Unlike most, the act of writing for them is an individual process and then they come up with a structure. “While writing the screenplay, we started doing our own acts because we didn't really buy into the three-act structure. It wasn't helping us make a solid screenplay. We started doing a five-act structure, just our own thing,” says Nidimoru. Then they go on to the dialogues and screenplay. “We start to write out chunks and then we swap them. That way it goes faster,” adds DK.
In their cabins, we find multiple timelines stuck on walls. Nidimoru jokes, "I don't know if we stick to it. Every time the Netflix team comes, they see it and say, "By now you were supposed to have delivered this." He points at a bunch of cards lined up vertically, colour-wise. "That is the episodic breakdown of Family Man 3, each colour is a different story and different mood. So in that sense we work pretty systematically," Nidimoru says.
The duo made a swift transition to the world of OTT, and one might say they have nailed the formula for creating web series. “No one taught anyone how to make a web series, we just jumped from movies to series directly,” says Nidimoru. Though the basics remain the same, the duo reckons, writing a web series is a lot tougher. “Every episode and each season need a beginning, middle and end. Unlike films, you have the luxury of creating an immersive experience, where my audience has ‘lived’ the characters we’ve created,” reckons DK.
Interestingly, they’ve always taken risks with their genre picks—such as thriller/comedies or horror/comedies. “These are very risky combinations, since it can get classified into spoofs very easily,” says DK. Guns & Gulaabs
is also a genre bender, “that combines all the ingredients that our audience loves—romance, comedy, pulp, thrill and memorable characters set in a world that harks back to the golden era of Bollywood. The secret sauce, is of course, Raj & DK's inimitable take on that era and the dark comedy that time inspires,” says Tanya Bami, series head at Netflix India.
While they aren’t picking favourites, they do agree, the approach in making a feature film, versus a TV series is starkly different. Nidimoru chimes in, “It’s like a Test match versus T20 format. With the feature film, just like in a T20 match, you have to start with a six. And, as a filmmaker your complete focus is on the box office, because eventually the question is always: Hit hai kya [Is it a blockbuster].”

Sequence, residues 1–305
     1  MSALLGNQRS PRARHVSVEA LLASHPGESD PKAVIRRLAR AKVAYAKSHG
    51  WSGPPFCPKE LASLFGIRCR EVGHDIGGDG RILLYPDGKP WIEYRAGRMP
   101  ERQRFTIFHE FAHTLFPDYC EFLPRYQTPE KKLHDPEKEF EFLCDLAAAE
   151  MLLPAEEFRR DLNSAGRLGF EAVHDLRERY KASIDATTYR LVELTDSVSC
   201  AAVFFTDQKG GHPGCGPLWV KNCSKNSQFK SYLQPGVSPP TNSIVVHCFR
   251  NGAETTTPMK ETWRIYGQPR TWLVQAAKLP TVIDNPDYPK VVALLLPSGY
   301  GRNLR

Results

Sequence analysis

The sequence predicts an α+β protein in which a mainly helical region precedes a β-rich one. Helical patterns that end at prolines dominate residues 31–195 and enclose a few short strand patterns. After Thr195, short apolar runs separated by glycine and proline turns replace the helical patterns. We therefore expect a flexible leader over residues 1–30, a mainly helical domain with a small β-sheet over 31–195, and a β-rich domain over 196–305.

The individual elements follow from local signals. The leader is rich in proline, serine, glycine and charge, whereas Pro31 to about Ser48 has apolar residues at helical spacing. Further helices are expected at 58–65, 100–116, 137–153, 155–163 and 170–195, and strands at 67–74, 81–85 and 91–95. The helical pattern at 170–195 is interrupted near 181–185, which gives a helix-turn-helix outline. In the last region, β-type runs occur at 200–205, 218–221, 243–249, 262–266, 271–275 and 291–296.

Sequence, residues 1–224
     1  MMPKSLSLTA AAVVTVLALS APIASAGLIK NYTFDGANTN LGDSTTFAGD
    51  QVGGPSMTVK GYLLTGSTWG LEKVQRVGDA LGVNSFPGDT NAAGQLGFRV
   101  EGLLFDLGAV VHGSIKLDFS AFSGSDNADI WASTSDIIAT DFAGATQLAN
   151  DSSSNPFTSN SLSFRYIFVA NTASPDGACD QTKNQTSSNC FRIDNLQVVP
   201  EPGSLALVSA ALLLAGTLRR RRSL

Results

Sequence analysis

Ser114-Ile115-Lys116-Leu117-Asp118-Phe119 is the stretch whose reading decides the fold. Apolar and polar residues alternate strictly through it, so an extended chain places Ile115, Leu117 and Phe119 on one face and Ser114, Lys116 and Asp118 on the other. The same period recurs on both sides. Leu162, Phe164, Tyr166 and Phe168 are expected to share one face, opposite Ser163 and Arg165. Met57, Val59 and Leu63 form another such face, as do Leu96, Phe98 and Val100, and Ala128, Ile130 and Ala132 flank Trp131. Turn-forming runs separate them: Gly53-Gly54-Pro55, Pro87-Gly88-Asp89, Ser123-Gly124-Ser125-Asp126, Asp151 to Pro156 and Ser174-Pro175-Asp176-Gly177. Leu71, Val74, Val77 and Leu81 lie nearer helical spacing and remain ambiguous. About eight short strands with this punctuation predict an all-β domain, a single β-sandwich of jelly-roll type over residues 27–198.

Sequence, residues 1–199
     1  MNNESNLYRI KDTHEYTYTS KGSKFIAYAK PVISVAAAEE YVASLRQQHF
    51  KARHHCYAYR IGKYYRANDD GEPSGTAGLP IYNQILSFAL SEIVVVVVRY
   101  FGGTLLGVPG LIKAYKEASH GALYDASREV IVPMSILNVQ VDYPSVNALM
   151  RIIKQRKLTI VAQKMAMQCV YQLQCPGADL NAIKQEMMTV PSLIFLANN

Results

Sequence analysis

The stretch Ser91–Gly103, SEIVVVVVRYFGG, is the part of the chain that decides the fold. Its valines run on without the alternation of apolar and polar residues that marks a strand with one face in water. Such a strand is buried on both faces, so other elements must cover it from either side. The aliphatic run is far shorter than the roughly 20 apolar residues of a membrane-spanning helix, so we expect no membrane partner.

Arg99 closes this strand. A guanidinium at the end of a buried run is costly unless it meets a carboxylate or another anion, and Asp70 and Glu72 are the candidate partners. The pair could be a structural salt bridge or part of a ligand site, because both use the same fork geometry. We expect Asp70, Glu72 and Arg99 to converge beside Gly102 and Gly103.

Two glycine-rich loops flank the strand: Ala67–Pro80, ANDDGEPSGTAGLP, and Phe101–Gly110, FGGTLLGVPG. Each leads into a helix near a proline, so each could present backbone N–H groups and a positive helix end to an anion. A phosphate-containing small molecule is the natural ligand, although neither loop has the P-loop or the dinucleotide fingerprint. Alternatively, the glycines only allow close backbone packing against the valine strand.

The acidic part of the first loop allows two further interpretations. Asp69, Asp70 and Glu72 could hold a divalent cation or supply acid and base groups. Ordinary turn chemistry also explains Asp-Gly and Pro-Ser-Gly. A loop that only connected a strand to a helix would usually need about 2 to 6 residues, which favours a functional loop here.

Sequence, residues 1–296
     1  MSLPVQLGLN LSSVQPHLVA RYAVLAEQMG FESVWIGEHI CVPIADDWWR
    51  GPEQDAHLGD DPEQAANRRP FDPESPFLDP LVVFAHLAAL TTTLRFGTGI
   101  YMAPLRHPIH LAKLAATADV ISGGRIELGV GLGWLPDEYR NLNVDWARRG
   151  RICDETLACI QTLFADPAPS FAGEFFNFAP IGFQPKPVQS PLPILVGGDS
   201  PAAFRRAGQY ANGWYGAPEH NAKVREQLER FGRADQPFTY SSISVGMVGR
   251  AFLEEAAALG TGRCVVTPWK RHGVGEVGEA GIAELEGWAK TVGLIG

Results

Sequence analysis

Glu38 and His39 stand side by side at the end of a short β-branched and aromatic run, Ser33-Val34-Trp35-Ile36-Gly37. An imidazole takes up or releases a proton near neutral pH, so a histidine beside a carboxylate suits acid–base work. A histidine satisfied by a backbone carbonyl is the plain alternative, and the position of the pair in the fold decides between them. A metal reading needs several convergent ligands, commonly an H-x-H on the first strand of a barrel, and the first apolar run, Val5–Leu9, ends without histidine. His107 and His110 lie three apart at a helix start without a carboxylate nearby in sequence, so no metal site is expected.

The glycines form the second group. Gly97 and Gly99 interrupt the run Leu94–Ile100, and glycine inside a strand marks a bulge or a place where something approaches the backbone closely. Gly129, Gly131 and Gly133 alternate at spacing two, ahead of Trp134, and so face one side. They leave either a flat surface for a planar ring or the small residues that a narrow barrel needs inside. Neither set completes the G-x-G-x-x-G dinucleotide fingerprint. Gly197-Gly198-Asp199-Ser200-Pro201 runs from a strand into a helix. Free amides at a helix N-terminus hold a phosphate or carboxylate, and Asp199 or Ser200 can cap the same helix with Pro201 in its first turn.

After seeing a lot of success with shows like The Family Man
(seasons 1 and 2), Farzi and now Guns & Gulaabs
, DK is candid when he says, the pressure of each show doing well does get to them. “Earlier, we were happy being underdogs. Now, there’s no way out… the pressure does show.”
For the duo, with every new series they work on, there is a comparison with their previous work: Will The Family Man
season 2 be better than season 1? Will Farzi
be better than The Family Man
? “With each show we attempt to do something different,” says Nidimoru. “We’re glad that each show has managed to come out of the shadows of our previous work. Otherwise we wouldn’t have the freedom to make a show like Guns & Gulaabs
The winning formula
Known for their ‘strange casting’, Nidimoru and DK have always experimented with interesting combinations. Case in point, their latest work Guns & Gulaabs
, a thriller-comedy web series on Netflix, starring Rajkummar Rao, Adarsh Gourav, Dulquer Salmaan and Gulshan Devaiah. Given their different styles when it comes to shooting and very few takes, actors find their approach refreshing. “I think their ability to not take themselves too seriously is what sets them apart,” says Gourav. “In spite of attaining as much success as they have, the fact that they don’t take themselves too seriously extends to the fact that their characters have almost like a sense of carelessness to them, but not really carelessness where they leave the scope for anything to happen.”A still of Dulquer Salman from Guns & Gulaabs. Image: Netflix
Another unique aspect of working with them is the freedom they give to actors. Devaiah explains, “It’s almost like you’re a co-creator with them. They have the perfect technique to put my ideas in perspective and keep the good ones and leave out the ones that didn’t work for their vision. I flourish when I’m given the conducive environment to be creative and they give me that.” Though most might say, for a film to be a hit three things are important: Casting, casting, casting. But for the director duo, it’s writing, uniqueness of the subject and casting.
According to them, writing is at the core and will always remain that way: “Writing is the only way the flavour and the uniqueness is born and remains intact on the pages.” They have a clear vision of how they want the editing, post-production, sound and even trailers and posters. This, according to them comes from the fact that they started off doing everything on their own.A still of Adarsh Gourav from Guns & Gulaabs. Image: Netflix
Even though the duo has a ‘brand’ for themselves now, where most of their work has quite a bit of humour and action, they consciously ensure their work doesn’t get formulaic. “We always attempt to do something very different, be it with the story line, subject, theme etc,” explains DK. For instance, with Guns & Gulaabs
, they shot the entire show in CinemaScope format to give it a 1960s’ tone. “I would love it if somebody says that they haven't seen a film like this before,” reckons Nidimoru.
and Gulkaanda Tales
up next, Nidimoru and DK seem to have created a fan following for themselves, where instead of seeing the star cast’s name in the opening of a trailer, it’s the ‘Raj & DK’ brand that seems to be drawing audiences.